She’s nothing like one would expect knowing her from character roles in film and television. Benjy Stone’s overbearing mother in “My Favorite Year” would never politely and rationally answer questions over a dietetic lunch, in what once was termed a cultured voice.
Lainie Kazan is lovely, in fact, turning heads as she enters a restaurant, her dancer’s bearing intact, her clothing classic and luxurious, her countenance alive. No, she’s nothing like the mascara-stained alcoholics, the used Italian wives, in other words the character roles she takes on for her art.
She will bring songs from her newest CD, “In the Groove,” to Smothers Theatre Jan. 23. The evening should include standards and original tunes. “A lot of heartbreaking tunes,” she warns. “I’m a little heartbreaker.”
She orders 3-1/2 ounces of fish and a salad. “All I do is think about food,” says the heartbreaker. That’s impossible, considering what’s on her plate.
She won a Golden Globe nomination for her role in “My Favorite Year” and says she still laughs when she sees the movie. “Peter O’Toole, what a dream,” she says. She was required to audition for the part because no one knew her as a film actress. At least the screenwriter knew her as funny. “When he sent me that script, I knew that Jewish mother like the back of my hand.” She fashioned the character after her mother in the 1950s. Her success led to the Broadway musical version and a Tony Award nomination.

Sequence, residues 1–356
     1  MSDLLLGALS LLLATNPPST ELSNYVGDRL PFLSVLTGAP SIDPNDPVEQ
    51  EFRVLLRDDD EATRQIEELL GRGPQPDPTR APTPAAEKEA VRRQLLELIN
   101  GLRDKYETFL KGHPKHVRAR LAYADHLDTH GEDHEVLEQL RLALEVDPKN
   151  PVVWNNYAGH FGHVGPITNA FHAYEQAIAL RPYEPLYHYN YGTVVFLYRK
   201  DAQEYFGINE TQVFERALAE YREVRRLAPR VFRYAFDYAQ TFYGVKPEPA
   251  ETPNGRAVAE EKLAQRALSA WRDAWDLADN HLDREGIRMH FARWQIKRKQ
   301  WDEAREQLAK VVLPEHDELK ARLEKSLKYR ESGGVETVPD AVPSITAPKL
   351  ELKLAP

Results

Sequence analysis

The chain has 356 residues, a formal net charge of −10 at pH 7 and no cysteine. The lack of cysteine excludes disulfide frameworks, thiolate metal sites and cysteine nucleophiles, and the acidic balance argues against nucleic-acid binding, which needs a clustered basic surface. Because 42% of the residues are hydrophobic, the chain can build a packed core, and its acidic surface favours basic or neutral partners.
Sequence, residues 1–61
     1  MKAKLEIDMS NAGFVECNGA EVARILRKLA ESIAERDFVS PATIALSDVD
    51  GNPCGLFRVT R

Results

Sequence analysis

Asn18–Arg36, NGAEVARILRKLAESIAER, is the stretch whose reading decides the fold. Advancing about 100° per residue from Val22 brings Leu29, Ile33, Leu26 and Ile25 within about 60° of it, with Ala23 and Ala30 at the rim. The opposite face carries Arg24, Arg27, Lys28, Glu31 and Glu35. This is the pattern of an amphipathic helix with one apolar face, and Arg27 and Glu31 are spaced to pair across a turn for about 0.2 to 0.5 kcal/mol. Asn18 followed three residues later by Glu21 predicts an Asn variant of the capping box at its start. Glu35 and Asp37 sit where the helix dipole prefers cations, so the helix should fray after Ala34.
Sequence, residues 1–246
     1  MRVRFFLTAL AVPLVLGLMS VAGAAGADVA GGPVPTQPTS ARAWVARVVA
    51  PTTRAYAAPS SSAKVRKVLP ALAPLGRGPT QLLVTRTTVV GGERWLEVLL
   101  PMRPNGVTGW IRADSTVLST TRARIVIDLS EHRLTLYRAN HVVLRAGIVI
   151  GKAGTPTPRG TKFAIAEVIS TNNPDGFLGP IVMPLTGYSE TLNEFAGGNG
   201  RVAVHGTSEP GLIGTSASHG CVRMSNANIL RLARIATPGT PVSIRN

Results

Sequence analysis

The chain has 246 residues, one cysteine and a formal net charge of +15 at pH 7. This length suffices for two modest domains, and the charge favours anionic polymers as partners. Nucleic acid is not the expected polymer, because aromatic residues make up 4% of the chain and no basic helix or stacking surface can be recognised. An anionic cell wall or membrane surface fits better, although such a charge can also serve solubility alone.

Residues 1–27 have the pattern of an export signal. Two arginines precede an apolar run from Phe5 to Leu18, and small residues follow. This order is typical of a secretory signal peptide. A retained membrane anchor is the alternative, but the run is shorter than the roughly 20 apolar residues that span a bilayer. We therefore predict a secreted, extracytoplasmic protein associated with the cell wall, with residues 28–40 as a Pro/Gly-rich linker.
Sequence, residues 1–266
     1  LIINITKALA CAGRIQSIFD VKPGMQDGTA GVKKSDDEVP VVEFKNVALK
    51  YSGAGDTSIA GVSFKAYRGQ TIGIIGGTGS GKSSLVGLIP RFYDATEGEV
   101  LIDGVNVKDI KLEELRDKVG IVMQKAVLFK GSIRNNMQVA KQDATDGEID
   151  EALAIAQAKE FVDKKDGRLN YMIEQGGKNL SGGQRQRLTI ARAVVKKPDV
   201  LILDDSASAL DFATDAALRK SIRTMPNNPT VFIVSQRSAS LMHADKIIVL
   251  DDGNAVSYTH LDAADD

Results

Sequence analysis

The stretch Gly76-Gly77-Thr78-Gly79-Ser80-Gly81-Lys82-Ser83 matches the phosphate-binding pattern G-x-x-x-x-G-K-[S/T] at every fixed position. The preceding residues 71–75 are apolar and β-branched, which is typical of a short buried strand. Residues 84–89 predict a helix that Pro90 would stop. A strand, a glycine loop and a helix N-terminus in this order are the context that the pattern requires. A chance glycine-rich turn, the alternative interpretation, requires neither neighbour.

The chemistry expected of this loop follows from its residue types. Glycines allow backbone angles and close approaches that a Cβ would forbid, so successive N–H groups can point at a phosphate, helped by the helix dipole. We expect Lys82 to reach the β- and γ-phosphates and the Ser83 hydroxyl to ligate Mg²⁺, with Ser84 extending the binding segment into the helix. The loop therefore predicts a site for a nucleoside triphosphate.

Other film credits include “Delta Force,” “Beaches” and “Harry and the Hendersons.”
Known for her early television appearances on variety and talk shows, she hosted her own variety special for NBC. Other television appearances produced an Emmy Award nomination for “St. Elsewhere.” These days, she can be seen in recurring roles, as Aunt Frieda on “The Nanny” and as Kirstie Alley’s mom on “Veronica’s Closet.”
Her hopes for the future include more recordings. “And a series,” she says. “I need to be in one place for a while, but in a great role.” Yet she says it is the singing that defines who she is. “Not only is it the expression of the lyrics and the music but it’s a feeling of the sound within your body — the sound reverberating in your head and chest and stomach.
“I don’t need anything when I sing. If it’s right, it’s incredible, and the only way it’s right is if you’re communicating with your musicians.”
She says she’s an actress when she sings. “I must consider myself a Method singer,” she says. “I definitely try to find the meaning for me in each song. It’s never the same. Each night I try to bring what I’m feeling to the lyric.” In New York, where she lives most of the year, she teaches acting for singers and vocal technique. “So many young people have such bad technique,” she says.
The legend of Kazan’s calling began when she was 3, on the Coney Island boardwalk. Her parents thought she was lost, until they saw a circle of people crowded around a little girl who was singing and dancing for the crowd. She took dance classes in her Flatbush neighborhood until she was ready for the prestigious teachers of Manhattan. “I was an OK dancer,” she says. “It’s just that I looked good. I was more show than technique. I was much better as a singer.”